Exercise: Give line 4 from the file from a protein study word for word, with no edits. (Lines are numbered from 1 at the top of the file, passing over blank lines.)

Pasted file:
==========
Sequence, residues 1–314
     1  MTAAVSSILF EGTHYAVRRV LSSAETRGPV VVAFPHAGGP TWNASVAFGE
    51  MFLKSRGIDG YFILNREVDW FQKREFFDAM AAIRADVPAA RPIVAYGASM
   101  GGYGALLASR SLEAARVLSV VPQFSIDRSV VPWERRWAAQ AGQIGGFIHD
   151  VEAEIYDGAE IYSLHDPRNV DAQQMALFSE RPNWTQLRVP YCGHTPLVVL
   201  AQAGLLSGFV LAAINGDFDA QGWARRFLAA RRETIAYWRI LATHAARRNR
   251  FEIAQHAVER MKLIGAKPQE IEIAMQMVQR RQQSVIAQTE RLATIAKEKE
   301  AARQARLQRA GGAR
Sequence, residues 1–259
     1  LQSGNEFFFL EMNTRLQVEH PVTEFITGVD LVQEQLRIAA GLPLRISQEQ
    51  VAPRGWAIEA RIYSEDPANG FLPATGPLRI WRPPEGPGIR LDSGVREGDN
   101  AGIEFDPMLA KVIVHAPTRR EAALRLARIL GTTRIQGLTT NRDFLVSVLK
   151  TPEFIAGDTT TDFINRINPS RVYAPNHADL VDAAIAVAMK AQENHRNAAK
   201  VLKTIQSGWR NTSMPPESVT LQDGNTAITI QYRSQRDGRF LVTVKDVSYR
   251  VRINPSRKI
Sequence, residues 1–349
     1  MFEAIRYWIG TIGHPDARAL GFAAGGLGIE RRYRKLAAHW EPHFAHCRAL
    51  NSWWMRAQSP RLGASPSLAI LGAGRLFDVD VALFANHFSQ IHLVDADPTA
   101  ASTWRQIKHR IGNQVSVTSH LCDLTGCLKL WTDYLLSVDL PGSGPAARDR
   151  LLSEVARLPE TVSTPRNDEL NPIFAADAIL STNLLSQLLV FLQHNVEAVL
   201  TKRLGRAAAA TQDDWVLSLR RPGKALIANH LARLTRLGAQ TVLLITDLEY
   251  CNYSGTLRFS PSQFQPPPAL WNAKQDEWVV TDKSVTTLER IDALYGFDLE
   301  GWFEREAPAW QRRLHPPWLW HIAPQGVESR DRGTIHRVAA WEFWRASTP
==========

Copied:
   101  GGYGALLASR SLEAARVLSV VPQFSIDRSV VPWERRWAAQ AGQIGGFIHD